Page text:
The church was packed Sunday night. We are leaving at 4 a.m., in just a few hours. After we called the leaders forward and prayed for them and blessed them, Ivanildo and Monica called us forward and prayed for us. Then they gave an open mic. The service ran an hour overtime and there was no time for preaching. People kept on coming up, and crying and talking. As we looked out over the motley crowd of people unaccustomed to coming to church, we could see adults and children openly weeping. We have never experienced a service like this before.
It was especially emotional for our two oldest daughters, who don’t know when they will be coming back or what they will be getting into in the foreign land of Canada. It is emotional for all of us as we think of our family ministry team breaking up. And it is difficult to think of leaving. This has been a great 2 3/4 years in Maraba and God put a great love in our hearts for these people. For all this, we see God’s hand in allowing this church some time without us missionaries, to grow under Ivanildo and Monica’s leadership.
Over the past few weeks I have come to a better understanding of how Jesus was very good friends with the drunks, prostitutes and those type of people. Somehow God has given me favor. Several were at church this last Sunday night, and some came forward to bless us. “My life is not worth living. But now I am here. This is my second time. I am really liking this.” Several of the testimonies had to do with me being like a father, often to people I have hardly talked to. This seems to be a huge hurting place in many people’s lives.
We left our house at 4 a.m. because of the serious threat that MST protestors were going to close the highway again. We saw them milling around on the side of the highway and were glad to get safely over the bridge. About 30 hours later we arrived to a warm reception in Toronto.
May God continue to bless Ivanildo and Monica, Aline and Chelsea, and the growing church in Marabá. Please pray for them when you think of them.
Yahoo News says that Marabá is 104 degrees F today, but according to them, it feels like 133! It must be the relative humidity index. Deanna agrees that it is hot out.
That is 40 degrees C, but it feels like 53.
Francisco’s brother and best friend was shot a killed about a year ago. His other brother is in jail. A couple of weeks ago killers came for him. His family wanted to send him to another state to live with his relatives, but Clyde and Kelsie also offered to help. They live and work at church planting among the remote Brazilian river people for part of the year, and in a town along the Trans-Amazon for part of the year.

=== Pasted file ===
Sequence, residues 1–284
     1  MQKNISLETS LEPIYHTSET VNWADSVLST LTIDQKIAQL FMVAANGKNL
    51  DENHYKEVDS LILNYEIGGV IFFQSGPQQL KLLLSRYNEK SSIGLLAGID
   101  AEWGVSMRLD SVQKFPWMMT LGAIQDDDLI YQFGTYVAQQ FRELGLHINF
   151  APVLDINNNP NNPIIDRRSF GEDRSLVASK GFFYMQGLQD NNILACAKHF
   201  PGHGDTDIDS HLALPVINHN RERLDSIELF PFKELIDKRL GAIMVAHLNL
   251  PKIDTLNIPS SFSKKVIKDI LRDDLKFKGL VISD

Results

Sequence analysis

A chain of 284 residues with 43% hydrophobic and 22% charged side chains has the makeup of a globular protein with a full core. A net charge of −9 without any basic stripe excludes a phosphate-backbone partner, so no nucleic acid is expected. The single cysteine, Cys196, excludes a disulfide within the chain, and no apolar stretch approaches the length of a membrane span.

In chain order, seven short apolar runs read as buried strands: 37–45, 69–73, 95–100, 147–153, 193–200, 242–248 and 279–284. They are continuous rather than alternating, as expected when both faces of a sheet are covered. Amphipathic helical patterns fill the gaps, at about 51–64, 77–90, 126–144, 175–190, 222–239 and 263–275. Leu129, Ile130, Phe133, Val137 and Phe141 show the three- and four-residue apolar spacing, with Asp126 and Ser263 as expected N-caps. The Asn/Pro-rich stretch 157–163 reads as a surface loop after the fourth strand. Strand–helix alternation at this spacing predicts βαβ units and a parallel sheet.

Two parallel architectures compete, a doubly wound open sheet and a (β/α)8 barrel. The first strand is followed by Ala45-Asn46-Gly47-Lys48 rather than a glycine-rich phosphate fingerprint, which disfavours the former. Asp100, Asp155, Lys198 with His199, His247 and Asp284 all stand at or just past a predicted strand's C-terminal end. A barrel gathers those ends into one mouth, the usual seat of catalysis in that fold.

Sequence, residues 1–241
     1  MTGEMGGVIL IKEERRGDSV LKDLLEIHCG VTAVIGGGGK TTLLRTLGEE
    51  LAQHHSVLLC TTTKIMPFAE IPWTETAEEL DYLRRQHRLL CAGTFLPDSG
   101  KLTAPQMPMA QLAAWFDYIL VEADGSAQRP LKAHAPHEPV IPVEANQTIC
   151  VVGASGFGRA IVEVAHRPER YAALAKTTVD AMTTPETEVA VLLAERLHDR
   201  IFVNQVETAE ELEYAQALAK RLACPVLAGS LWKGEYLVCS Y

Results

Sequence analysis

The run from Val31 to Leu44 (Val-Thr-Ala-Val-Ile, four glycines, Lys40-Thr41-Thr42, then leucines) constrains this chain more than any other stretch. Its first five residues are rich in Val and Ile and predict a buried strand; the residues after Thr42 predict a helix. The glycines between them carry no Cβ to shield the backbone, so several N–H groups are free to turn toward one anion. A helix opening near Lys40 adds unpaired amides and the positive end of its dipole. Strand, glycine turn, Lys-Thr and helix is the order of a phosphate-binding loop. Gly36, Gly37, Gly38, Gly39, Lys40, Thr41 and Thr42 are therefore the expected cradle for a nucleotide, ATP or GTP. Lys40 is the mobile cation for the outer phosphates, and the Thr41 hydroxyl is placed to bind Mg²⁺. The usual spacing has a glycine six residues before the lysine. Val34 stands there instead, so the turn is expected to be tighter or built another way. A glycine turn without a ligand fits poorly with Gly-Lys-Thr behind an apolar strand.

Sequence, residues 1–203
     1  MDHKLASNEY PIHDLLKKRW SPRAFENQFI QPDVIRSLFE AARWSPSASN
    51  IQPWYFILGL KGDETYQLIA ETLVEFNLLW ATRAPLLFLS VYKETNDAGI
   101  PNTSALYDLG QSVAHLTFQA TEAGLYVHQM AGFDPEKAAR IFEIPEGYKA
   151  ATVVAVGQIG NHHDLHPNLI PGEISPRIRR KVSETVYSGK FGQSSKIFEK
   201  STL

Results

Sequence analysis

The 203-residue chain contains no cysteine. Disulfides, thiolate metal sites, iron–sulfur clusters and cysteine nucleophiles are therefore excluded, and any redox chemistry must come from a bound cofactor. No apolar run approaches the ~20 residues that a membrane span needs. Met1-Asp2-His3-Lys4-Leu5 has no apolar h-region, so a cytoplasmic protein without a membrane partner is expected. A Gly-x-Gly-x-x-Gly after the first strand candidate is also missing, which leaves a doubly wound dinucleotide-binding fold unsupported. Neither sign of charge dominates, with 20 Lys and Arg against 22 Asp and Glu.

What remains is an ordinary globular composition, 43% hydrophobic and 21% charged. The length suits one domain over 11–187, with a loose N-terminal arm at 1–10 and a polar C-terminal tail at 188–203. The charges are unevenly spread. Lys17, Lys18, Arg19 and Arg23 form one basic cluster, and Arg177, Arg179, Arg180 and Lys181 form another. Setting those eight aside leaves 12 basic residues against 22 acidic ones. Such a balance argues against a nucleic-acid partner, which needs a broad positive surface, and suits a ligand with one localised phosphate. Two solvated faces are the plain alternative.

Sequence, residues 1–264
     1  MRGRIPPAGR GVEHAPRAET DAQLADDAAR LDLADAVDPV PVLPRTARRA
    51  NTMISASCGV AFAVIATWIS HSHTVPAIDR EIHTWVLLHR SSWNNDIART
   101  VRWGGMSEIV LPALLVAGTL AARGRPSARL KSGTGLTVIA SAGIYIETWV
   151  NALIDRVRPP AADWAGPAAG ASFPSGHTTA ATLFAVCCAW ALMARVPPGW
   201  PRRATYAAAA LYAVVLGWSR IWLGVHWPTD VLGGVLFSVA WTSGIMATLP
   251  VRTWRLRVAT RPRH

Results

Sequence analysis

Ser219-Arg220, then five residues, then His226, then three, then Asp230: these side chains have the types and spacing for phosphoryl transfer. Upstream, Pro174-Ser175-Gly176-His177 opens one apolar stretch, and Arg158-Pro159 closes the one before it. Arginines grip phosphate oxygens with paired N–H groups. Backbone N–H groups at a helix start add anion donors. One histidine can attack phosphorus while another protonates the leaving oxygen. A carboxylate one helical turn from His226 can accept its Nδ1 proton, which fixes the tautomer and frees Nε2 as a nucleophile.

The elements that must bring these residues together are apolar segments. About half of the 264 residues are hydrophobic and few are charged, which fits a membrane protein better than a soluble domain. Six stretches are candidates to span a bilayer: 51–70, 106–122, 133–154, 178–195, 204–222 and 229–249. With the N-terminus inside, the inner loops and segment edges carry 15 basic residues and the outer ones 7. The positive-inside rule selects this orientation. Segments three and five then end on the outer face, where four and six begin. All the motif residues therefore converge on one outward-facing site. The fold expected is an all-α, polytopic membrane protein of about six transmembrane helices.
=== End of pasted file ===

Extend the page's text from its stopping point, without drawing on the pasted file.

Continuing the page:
Clyde and Kelsie lived here in Marabá with us for a year, so many of the youth in our church remember them. Now they are sending photos of some of joys of remote, church-planting, missionary work. Last night they skyped our house. Many youth were here for a farewell bonfire for our girls. They all gathered around the computer and talked and joked for about 40 minutes!
The Lord is gathering more workers for His harvest. Francisco is out there training. The rest of the youth with they were with him.
We have our passports and my driver’s license and my bank debit card! All of these documents have been in process for a long time. My driver’s license was lost in the mail. I applied for the renewal in April. The internet at the Federal Police has been very intermittent, “our system is down again.” This week protestors are blocking the only bridge crossing the river on the Interstate Highway, right in the middle of town. It has been blocked for a couple of days now, but the protestors have been taking a break in the heat of the day, allowing people through in the afternoons. Key people responsible for our document processes at the bank, the Department of Motor Vehicles and the Federal Police have not been able to get to work. They live on the other side of Marabá. These offices are on our side of Marabá.
These documents all came through yesterday afternoon! Thank you Jesus, and thank you for all who were praying for us.
We still need to cross that bridge to get to the airport at 5 a.m. Monday morning.
NOTE: We are having a little trouble with unified prayer. Some people were praying we would not get our passports in time, hoping we would stay in Marabá a little longer. Even our girls wondered how they should pray. Like Olivia said, “I guess it’s good God doesn’t answer everyone’s prayers.”
Here is a Marabá news clip I got off the internet.
|Protestors Block the Highway in Marabá